Reveal on ballot the operating cost for bonded construction
With a bow to logic, a Miami-Dade commissioner wants to require that before asking taxpayers to OK construction bonds, the county list how much running the project would cost and where that money is.
Juan Zapata’s question is basic, though commissioners with edifice complexes seldom ask it. They love to build, piling construction and interest costs onto tax bills. But they give little thought to how they’ll run projects later.
Then they’re shocked when arts centers and museums need operating aid. The routine has been build it and operating cash will come – but how much and from where is unknown.
So Mr. Zapata’s measure this week is a solid stride to let both commissioners and voters know what they’re buying with general obligation bonds.
Even if commissioners approve, his proposal is only a first step.
It should cover all bond issues, not just general obligation bonds. The $830 million that voters OK’d for the Jackson Health System, for example, was not general obligation bonds, nor were baseball stadium bonds.
Moreover, voters who must repay bonds with interest need those facts. Mr. Zapata would require only that commissioners get data, not that operating cost and source of funds go on the ballot for taxpayers too.
And while we’re informing voters, they should get a total cost of bonds and estimated interest.
They should also see how much taxpayers would pay per $100,000 assessed value to pay for the bonds.
No sane businessperson would cut a deal without these relevant facts. How do you decide without all costs and repayment sources?
It’s the same for commissioners. For years they’ve been asking taxpayers to spend money when neither side knew just how much, where it would come from or how much it would cost to run what they were building or where that money would come from.
When you buy a car, you want to know not just its cost but finance charges, cost of operation and maintenance, and where you’re going to get all that money.
Commissioners haven’t known. Mr. Zapata wants them to.
And we want that information to get to voters who are called upon to tax themselves.
When commissioners lack facts, miserable decisions follow.
In 1990 Miami built a Bayfront Park fountain with a costly spray mechanism but forgot that the electricity, water and maintenance take money. After passing the hat for aid, the city ripped out and discarded the spray system because it couldn’t pay to run the fountain – after which the city’s centerpiece sat bone dry for years.
The county in 2009 voted to bond for a baseball stadium though commissioners never knew that costs were near $3 billion. And because those weren’t general obligation bonds, nobody but commissioners ever got a vote.
So Mr. Zapata’s measure is welcome. And since a committee hearing is upcoming, there’s time to amend it to give voters on a ballot all the facts that Mr. Zapata wants commissioners to have on the dais.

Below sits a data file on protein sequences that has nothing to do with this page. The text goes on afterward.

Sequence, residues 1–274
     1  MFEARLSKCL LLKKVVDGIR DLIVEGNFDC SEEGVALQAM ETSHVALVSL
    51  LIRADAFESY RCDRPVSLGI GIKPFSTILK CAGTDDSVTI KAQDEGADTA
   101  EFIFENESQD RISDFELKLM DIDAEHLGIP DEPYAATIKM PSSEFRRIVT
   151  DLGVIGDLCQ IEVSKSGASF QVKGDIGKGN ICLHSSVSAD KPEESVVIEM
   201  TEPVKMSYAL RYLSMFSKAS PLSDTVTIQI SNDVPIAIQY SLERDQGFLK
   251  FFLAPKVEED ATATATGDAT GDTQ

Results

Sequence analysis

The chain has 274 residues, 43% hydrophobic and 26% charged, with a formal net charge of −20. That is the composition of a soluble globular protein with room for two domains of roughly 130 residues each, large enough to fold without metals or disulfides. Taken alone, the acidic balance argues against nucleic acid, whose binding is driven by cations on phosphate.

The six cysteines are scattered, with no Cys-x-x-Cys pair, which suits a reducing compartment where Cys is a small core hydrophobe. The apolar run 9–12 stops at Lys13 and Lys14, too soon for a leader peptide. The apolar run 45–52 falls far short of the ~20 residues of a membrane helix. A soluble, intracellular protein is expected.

If commissioners exclude facts because they fear voters will act on self interest rather than commission aims, then the county is treating the public as a rubber stamp.
To say that voters always reject bonds if they know the impact on taxes assumes that voters consider neither the public good nor their own interests. If a bond issue isn’t good for everyone, after all, why put it forward?
Last year, when Esteban Bovo Jr. wanted fellow commissioners to note on general obligation bond ballots that property taxes would repay bonds, he met an uproar from those who feared sunlight.
His argument was that “the residents will support it when they feel it’s justified.”
In the end, commissioners excluded his aim to tell voters on a ballot a bond issue’s total cost and how much it would cost taxpayers to repay. Then they tried to slip in the phrase “ad valorem” because almost nobody knows what that means.
Since ballot questions top out at 75 words, Rebeca Sosa sought just four words: “paid by property taxes.” With lawyering, it wound up at 15: “paid or secured by taxes derived from the assessed value of property in the County.” Her phrase was shorter and clearer.
Taxpayers, as we’ve noted, need five facts on every bond ballot, general obligation or not: total cost with interest, source of repayment, cost to a taxpayer per $100,000 assessment, cost of operation and maintenance, and source of operating and maintenance funds.
You can’t vote intelligently without all five.
Don’t worry about everything being voted down. Not only do we stand with Mr. Bovo on yes votes when justified, but taxpayers are no longer the majority of Miami adults.
We now are the nation’s largest renter city in percentage, 63%, topping New York. Tenants don’t pay direct taxes, though owners do pass along costs, so they’re far more likely to OK bonds they don’t see themselves repaying.
Between that large bloc of tenants and direct taxpayers who, as Mr. Bovo says, will vote for what’s justified, commissioners should not only get all the relevant facts before they vote but put those facts on the ballot to give voters the same knowledge.
Mr. Zapata’s measure begins that process of bringing fiscal sunshine into the voting booth.